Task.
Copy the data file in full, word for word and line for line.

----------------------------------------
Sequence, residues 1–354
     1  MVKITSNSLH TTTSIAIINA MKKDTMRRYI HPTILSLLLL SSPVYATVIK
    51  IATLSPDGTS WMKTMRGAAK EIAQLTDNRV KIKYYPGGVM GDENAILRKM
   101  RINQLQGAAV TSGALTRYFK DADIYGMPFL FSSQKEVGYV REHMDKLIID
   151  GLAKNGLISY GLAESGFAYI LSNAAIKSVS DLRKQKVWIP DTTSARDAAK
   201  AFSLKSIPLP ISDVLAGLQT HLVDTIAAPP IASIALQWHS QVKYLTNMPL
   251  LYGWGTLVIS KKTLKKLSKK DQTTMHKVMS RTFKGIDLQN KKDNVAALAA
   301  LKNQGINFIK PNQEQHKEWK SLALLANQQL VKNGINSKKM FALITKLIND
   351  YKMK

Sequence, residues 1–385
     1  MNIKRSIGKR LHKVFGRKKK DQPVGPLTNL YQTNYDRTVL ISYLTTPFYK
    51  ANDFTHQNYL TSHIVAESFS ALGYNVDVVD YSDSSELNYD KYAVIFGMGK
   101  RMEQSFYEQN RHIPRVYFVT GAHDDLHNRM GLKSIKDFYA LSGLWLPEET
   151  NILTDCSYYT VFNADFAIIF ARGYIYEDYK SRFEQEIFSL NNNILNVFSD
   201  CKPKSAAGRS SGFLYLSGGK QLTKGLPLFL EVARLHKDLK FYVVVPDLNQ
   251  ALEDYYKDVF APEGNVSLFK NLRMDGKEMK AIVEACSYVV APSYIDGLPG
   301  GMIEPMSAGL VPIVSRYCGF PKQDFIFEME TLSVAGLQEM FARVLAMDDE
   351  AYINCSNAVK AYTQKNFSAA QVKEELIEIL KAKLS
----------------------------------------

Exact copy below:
Sequence, residues 1–354
     1  MVKITSNSLH TTTSIAIINA MKKDTMRRYI HPTILSLLLL SSPVYATVIK
    51  IATLSPDGTS WMKTMRGAAK EIAQLTDNRV KIKYYPGGVM GDENAILRKM
   101  RINQLQGAAV TSGALTRYFK DADIYGMPFL FSSQKEVGYV REHMDKLIID
   151  GLAKNGLISY GLAESGFAYI LSNAAIKSVS DLRKQKVWIP DTTSARDAAK
   201  AFSLKSIPLP ISDVLAGLQT HLVDTIAAPP IASIALQWHS QVKYLTNMPL
   251  LYGWGTLVIS KKTLKKLSKK DQTTMHKVMS RTFKGIDLQN KKDNVAALAA
   301  LKNQGINFIK PNQEQHKEWK SLALLANQQL VKNGINSKKM FALITKLIND
   351  YKMK

Sequence, residues 1–385
     1  MNIKRSIGKR LHKVFGRKKK DQPVGPLTNL YQTNYDRTVL ISYLTTPFYK
    51  ANDFTHQNYL TSHIVAESFS ALGYNVDVVD YSDSSELNYD KYAVIFGMGK
   101  RMEQSFYEQN RHIPRVYFVT GAHDDLHNRM GLKSIKDFYA LSGLWLPEET
   151  NILTDCSYYT VFNADFAIIF ARGYIYEDYK SRFEQEIFSL NNNILNVFSD
   201  CKPKSAAGRS SGFLYLSGGK QLTKGLPLFL EVARLHKDLK FYVVVPDLNQ
   251  ALEDYYKDVF APEGNVSLFK NLRMDGKEMK AIVEACSYVV APSYIDGLPG
   301  GMIEPMSAGL VPIVSRYCGF PKQDFIFEME TLSVAGLQEM FARVLAMDDE
   351  AYINCSNAVK AYTQKNFSAA QVKEELIEIL KAKLS